DevOps is a cultural approach and a mindset. DevOps is not a framework; it doesn’t have a manifesto like Agile or an official set of rules like Scrum. Still, to be implemented successfully, it requires at least a consensus around guidelines.
Like a North Star, at Pentalog, we particularly like the proposition provided in “The DevOps Handbook”, written by Gene Kim: “IT system is faster, safer and easier to change”.
As DevOps grew into what is now called the new “normal” when it comes to software development, experts have also made several attempts to provide generic guidelines. The most famous and largely accepted definition of the DevOps foundations is probably the CAMS Pillars.
CAMS is an acronym for:
Culture is essential for the success of a DevOps team. Its basis is collaboration, meaning that everyone involved in the project works together and uses a standard set of values, tools, and workflows. They share a common goal and have a plan to achieve it together.
Encouraging cross-collaboration between different teams and allowing them to stay up-to-date with each other’s projects, ideas, and challenges is the best way to ensure efficiency when it comes to management or troubleshooting.
Reducing repetitive manual work is critical in the DevOps methodology, which promotes automation throughout the digital lifecycle. Automation not only helps to create safer and faster releases but also supports the other DevOps principles. For instance, automation is done through scripting, which promotes visibility, thus culture and sharing among teams.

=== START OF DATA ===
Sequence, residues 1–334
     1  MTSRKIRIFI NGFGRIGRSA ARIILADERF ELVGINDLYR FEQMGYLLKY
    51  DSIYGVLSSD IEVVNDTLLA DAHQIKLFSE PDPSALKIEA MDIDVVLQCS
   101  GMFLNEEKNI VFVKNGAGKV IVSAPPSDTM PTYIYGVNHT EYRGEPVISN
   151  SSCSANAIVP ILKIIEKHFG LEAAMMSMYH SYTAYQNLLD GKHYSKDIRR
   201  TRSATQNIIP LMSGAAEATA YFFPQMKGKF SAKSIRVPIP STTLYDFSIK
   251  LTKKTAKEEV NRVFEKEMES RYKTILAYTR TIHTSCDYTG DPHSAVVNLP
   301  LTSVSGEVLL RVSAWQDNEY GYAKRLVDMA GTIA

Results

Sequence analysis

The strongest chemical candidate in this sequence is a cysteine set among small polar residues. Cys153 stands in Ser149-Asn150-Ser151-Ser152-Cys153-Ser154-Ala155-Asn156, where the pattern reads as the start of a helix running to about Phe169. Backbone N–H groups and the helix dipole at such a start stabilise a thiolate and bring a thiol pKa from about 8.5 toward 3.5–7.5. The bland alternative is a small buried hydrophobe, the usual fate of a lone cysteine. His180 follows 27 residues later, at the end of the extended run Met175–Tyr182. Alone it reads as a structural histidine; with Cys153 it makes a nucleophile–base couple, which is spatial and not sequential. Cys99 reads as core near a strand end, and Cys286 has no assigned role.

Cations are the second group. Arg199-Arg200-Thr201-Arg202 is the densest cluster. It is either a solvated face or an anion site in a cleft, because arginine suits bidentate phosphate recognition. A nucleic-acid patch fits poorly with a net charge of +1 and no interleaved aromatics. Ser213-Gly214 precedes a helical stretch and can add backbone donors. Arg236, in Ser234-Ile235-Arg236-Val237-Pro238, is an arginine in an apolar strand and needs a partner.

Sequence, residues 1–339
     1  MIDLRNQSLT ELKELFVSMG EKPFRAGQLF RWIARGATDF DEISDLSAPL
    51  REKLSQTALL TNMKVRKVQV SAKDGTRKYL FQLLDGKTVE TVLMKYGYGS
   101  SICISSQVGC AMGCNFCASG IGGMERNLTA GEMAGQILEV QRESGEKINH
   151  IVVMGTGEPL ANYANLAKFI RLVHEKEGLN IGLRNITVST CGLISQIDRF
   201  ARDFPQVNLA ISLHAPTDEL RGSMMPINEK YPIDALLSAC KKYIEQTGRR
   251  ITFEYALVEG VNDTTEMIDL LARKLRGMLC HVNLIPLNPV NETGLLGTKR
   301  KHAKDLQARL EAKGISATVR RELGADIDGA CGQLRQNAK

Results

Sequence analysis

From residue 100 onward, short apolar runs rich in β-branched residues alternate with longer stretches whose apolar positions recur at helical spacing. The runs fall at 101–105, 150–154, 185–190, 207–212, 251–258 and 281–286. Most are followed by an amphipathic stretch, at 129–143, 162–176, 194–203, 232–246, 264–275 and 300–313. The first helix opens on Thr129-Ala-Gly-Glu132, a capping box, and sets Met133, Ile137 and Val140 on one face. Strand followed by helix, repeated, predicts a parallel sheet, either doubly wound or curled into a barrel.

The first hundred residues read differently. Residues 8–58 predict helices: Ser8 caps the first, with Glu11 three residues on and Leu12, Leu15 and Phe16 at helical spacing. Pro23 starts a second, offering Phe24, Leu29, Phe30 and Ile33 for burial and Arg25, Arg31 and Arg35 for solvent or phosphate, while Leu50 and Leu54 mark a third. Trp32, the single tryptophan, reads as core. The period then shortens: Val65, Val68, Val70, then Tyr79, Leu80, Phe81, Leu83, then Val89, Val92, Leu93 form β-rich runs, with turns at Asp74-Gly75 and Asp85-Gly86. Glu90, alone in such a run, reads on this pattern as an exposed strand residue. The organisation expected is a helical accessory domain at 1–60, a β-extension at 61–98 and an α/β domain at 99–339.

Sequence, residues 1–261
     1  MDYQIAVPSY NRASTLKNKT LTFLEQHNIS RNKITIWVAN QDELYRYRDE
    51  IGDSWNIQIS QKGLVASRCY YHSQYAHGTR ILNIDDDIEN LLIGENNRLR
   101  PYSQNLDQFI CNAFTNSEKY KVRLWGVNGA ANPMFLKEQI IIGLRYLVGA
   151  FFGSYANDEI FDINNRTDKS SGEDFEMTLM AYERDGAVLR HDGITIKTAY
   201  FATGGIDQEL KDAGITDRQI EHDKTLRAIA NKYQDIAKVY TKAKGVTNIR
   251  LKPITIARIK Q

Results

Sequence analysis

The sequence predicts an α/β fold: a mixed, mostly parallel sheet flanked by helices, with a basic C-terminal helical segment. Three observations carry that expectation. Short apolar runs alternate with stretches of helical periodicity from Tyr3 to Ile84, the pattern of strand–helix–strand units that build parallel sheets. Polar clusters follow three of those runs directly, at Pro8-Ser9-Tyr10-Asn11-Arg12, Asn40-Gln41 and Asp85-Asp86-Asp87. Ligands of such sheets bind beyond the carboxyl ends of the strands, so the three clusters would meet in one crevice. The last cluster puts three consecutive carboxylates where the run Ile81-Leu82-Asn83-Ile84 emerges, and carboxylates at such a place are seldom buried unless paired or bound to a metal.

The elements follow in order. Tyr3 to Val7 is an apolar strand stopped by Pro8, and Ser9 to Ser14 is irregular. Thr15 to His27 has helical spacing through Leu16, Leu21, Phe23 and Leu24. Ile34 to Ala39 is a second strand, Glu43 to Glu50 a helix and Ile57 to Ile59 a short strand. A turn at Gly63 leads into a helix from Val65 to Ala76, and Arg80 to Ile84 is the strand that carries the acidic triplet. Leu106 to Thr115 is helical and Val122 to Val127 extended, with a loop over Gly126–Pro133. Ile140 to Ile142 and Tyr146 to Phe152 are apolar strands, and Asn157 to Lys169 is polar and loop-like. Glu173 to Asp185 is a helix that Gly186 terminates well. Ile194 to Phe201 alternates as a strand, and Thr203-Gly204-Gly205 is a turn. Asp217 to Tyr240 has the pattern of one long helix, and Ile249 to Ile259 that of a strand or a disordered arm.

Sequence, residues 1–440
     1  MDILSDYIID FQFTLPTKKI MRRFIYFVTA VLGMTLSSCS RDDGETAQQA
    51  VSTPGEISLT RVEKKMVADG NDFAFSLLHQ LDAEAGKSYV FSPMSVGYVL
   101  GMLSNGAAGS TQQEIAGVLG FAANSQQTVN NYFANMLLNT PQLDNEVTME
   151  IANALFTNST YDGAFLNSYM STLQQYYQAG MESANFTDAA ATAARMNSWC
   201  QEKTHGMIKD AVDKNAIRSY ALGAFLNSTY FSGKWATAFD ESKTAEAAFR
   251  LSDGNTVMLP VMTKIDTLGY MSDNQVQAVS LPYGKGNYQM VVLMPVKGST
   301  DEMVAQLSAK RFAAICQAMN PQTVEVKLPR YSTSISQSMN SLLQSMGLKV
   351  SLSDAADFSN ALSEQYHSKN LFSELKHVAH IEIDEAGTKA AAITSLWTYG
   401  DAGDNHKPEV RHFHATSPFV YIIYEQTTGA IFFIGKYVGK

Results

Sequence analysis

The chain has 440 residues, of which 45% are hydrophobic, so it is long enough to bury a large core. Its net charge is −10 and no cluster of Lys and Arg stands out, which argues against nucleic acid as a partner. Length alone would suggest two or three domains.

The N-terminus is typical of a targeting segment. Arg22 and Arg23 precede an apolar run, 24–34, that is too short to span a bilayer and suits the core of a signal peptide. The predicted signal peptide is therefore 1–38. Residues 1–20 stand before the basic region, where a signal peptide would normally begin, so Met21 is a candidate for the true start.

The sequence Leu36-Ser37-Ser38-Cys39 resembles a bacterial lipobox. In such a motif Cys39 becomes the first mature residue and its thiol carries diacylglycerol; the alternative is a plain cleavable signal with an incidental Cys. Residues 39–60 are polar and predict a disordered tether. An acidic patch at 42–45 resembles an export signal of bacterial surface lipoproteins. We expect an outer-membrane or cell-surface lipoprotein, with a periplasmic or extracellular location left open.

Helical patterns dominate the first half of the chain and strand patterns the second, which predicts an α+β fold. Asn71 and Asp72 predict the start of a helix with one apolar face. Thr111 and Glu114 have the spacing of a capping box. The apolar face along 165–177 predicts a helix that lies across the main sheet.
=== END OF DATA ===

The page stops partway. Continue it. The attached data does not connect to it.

Based on Lean and Agile, DevOps practices promote continuous improvement and the ability to anticipate defects, allowing teams to constantly learn in order to optimize the product and improve work quality.
With the help of the latest technologies, teams are implementing continuous monitoring to ensure a safe and reliable system, detecting and ideally fixing errors before they even occur.
Measuring performance provides valuable data for your teams, allowing them to make the best decisions based on quantifiable information. Meanwhile, testing enables the anticipation of issues and the assessment of an upgrade before release.
Sharing is the foundation of DevOps, allowing the existence of culture, automation, and measurement. This groundbreaking shift in mindset means that teams share their knowledge, tools, flows, information, and objectives, allowing them to create better digital products more quickly. Shared ownership is promoted, as it improves the capacity of the team to architect, produce, and fix the solution they are in charge of.